I received an exciting item in the mail today.
Jack White has always impressed me, though I'm not quite as enamored with him as I think I should be. I do respect his label, Third Man Records, and I like all the random releases they put out. I discovered last week that Laura Marling had released a limited edition single, and as I'm still in love with this woman's voice, I picked up a copy through the Third Man store.
It's a 7" with covers of "Blues Run the Game" and "The Needle and the Damage Done." They are more sparse than her records, both tracks stripped down to just an acoustic guitar and that voice. This is all fine with me, as her voice is the reason I'm head-over-heels for the woman. You can listen to both tracks here, courtesy of Pitchfork.
I'm sorry for the lack of real reviews in recent months, but I've found a lack of albums to review. Whether this is my failing or not is probably open to quite a bit of debate. Avey Tare, member of Animal Collective, has released a solo album, Down There, which I have listened to, but I'm still digesting it. The new Girl Talk album came out this morning, which I'm listening to now. Again, give me some time.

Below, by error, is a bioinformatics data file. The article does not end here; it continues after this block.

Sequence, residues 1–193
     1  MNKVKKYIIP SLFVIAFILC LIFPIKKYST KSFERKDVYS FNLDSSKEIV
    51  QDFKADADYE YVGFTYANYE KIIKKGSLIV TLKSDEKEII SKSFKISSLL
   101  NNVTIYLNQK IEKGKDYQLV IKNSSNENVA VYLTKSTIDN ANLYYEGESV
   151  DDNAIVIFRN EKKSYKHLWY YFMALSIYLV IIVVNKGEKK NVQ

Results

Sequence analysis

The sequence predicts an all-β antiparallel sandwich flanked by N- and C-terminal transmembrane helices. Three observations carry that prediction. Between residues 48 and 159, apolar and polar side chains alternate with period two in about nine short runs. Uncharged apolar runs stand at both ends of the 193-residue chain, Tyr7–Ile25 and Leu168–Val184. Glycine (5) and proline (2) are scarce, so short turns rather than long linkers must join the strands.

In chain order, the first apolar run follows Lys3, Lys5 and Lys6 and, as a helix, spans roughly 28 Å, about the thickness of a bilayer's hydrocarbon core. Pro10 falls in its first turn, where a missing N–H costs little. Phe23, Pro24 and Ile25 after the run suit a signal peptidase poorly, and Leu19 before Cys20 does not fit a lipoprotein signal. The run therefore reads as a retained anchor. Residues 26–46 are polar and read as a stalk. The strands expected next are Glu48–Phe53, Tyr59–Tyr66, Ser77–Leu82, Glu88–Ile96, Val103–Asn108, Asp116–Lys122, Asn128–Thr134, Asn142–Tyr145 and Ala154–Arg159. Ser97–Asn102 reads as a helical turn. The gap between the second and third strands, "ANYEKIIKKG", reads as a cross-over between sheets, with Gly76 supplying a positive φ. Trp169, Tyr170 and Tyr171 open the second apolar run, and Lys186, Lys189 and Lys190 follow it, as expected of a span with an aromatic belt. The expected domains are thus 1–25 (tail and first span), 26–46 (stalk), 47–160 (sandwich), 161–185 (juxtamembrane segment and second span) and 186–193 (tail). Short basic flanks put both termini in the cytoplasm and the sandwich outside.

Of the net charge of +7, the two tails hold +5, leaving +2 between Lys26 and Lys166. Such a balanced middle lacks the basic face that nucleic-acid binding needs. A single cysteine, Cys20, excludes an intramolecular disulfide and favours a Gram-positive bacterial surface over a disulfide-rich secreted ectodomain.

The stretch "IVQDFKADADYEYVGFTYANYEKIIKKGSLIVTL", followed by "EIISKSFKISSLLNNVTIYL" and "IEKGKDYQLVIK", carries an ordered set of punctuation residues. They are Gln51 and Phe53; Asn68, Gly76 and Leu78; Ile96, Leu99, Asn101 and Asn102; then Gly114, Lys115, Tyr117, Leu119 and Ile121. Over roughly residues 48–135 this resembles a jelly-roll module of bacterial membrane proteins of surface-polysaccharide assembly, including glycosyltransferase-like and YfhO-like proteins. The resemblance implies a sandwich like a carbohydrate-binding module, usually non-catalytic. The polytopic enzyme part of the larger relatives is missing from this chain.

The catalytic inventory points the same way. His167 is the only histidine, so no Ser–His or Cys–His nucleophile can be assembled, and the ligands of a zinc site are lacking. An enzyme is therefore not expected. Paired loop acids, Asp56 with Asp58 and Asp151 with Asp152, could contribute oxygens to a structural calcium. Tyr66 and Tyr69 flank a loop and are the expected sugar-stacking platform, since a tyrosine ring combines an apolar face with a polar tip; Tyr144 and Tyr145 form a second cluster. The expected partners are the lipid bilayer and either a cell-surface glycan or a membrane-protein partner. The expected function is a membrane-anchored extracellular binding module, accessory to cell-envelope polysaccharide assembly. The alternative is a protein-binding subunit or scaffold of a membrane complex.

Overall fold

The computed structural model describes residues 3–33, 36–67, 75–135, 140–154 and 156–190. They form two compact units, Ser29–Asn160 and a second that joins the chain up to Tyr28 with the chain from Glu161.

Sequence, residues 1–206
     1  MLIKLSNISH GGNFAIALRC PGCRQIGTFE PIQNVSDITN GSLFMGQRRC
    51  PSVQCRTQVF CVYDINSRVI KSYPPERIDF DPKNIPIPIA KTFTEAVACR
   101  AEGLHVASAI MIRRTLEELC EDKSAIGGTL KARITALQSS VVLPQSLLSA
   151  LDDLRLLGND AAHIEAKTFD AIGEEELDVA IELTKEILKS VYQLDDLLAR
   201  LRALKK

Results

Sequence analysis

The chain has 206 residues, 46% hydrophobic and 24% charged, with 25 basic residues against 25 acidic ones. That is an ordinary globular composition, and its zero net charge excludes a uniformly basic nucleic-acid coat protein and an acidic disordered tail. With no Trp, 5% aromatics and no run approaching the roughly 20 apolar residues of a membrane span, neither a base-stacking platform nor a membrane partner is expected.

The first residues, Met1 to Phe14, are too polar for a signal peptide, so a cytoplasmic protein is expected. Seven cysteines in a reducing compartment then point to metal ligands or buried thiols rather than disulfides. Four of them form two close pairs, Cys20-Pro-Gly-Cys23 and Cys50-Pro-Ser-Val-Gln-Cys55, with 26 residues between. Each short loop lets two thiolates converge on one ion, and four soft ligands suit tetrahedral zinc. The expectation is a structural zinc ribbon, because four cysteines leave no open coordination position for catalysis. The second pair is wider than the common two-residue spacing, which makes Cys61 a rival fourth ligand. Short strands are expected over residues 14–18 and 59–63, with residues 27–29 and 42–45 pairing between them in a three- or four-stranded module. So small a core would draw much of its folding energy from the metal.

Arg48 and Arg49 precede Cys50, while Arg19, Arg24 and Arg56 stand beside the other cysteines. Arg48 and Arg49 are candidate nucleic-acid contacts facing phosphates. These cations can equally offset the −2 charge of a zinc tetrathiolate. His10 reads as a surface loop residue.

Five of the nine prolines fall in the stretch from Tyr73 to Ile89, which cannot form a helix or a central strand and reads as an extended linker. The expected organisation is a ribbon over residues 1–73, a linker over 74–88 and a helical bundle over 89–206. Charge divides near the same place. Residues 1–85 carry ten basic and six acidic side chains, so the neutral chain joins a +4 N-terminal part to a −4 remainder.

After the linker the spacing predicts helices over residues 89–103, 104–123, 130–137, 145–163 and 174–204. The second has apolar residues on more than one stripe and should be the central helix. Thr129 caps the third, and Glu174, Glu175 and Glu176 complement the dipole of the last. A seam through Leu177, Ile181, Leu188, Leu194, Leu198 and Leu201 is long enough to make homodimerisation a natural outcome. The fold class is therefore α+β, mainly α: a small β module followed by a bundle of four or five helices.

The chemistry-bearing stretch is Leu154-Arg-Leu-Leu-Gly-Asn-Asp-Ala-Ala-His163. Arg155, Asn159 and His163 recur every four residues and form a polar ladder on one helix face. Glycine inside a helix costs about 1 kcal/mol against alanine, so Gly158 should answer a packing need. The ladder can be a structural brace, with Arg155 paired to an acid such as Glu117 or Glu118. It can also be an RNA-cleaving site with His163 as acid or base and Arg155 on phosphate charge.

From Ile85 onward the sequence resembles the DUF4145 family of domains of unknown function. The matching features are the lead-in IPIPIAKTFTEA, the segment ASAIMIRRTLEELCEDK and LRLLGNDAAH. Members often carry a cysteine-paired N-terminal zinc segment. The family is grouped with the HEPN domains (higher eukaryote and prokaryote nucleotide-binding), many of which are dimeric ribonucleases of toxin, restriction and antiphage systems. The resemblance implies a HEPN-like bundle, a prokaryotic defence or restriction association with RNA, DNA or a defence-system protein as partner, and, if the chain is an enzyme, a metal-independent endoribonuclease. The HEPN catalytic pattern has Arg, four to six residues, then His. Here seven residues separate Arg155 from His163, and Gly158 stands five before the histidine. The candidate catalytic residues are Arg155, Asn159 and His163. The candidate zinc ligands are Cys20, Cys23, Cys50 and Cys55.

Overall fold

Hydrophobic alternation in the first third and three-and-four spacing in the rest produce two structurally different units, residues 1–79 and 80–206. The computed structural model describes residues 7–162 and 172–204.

Robyn's Body Talk trilogy comes to a close today with the release of Body Talk. Originally expected to provide a third collection of ten new songs, Robyn has instead delivered a full album, comprising of ten tracks from the previous 2010 releases Body Talk, Pt. 1 and Body Talk, Pt. 2, in addition to five spankin' new songs. Most of the ten chosen holdovers are great (I'll express my disagreements when I review the album in the next week), and from what I've heard of them, the five new songs are very respectable. I saw Robyn play at the Metro on Saturday night, and she was brilliant. They oversold the venue, so there was no room to dance, but, had there been, it would have been every bit as good a show as when LCD Soundsystem tore the roof of the Aragon Ballroom two weeks ago. They were fucking great. No other word for that.
Finally for now, I've spent the last two weeks working my way through Stephen Sondheim's Finishing the Hat, a collection of the lyrics for his shows featuring his comments, notes, and stories. It's been a highly entertaining, informative, instructive, valuable read. If you're into musical theatre or the technique behind lyrics, you should give it a look.